Labor Day, as we all know, is the death knell for summer. Can someone please explain why that’s an occasion to celebrate? What is wrong with people? We shouldn’t be celebrating, we should be mourning the loss of a dearly beloved and all too short season. Besides, summer isn’t dead yet, so let’s stop shoving it toward the graveyard. There’s still plenty of life in these waning days of sunshine.
What’s so great about autumn, anyway? Is it the leaves? Granted, they turn gorgeous, eye-popping colors for, what?, a week? Then they fall off the trees and we spend hours raking them into tall, brittle piles of brown and stuffing them into bags. Those bags eventually get dragged to the curb and uglify the landscape for days. The blisters caused by all that raking will last significantly longer.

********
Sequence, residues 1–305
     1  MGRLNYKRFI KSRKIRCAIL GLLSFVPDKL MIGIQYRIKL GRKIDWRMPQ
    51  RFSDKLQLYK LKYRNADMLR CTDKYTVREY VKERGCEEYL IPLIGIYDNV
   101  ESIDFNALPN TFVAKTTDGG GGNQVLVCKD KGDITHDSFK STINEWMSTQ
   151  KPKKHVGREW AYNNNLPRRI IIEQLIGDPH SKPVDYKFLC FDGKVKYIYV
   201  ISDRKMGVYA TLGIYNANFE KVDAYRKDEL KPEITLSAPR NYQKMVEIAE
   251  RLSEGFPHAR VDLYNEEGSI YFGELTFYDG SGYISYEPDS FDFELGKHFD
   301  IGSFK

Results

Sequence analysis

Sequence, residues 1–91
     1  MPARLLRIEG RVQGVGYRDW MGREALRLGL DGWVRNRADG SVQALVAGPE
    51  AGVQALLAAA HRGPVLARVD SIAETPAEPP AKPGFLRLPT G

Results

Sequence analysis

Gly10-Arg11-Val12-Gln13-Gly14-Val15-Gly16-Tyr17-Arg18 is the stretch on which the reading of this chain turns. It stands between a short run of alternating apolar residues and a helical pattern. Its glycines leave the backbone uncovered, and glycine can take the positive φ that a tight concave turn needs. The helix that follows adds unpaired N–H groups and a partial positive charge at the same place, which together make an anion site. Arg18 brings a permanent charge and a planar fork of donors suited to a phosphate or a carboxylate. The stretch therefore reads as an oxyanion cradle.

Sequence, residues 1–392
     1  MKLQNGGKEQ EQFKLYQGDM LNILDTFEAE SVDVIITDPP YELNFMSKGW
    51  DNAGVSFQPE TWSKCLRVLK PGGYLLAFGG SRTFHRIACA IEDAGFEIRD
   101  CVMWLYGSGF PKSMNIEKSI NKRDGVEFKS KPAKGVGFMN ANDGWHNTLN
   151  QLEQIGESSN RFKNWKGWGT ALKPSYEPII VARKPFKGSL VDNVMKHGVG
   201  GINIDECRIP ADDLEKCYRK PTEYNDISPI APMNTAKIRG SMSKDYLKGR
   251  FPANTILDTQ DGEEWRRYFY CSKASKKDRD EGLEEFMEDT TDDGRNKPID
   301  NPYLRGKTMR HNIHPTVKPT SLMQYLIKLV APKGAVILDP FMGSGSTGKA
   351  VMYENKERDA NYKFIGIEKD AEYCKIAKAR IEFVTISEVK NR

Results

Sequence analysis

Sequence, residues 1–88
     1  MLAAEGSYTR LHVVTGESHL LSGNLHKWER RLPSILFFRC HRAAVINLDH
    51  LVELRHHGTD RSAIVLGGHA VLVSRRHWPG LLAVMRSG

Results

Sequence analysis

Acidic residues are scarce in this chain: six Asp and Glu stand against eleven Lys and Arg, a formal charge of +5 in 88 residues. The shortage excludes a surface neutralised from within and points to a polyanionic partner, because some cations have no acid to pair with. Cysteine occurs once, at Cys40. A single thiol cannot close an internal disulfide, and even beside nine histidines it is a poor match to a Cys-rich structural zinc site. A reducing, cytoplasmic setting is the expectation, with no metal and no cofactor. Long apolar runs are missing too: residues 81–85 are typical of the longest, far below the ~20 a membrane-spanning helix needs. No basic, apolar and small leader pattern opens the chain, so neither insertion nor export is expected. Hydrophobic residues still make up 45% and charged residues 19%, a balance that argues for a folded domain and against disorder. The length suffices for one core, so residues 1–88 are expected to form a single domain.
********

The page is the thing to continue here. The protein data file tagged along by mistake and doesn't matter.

Well, here’s a heads-up: the falling leaves aren’t confetti, they’re summer’s teardrops. They’re also ghastly precursors of the much dreaded snowflake, nature’s scourge, welcoming us to winter’s anteroom. Bonfires and hot chocolate are small compensation for the damp, blustery, gloomy conditions we’ll soon be forced to endure.
Static electricity, that shocking little phenomenon, will make a roaring comeback, as will hat hair and chapped lips and a pasty, sickly pallor. The list of downsides is very, very, very, very long: snowdrifts, windshield scraping, treacherous footing, icicles, a barren, joyless landscape … Is that what you’re pining for? Really?
Well, snap out of it. Call off the deathwatch and let’s live the daylights out of every last minute of summer. Cowabunga!
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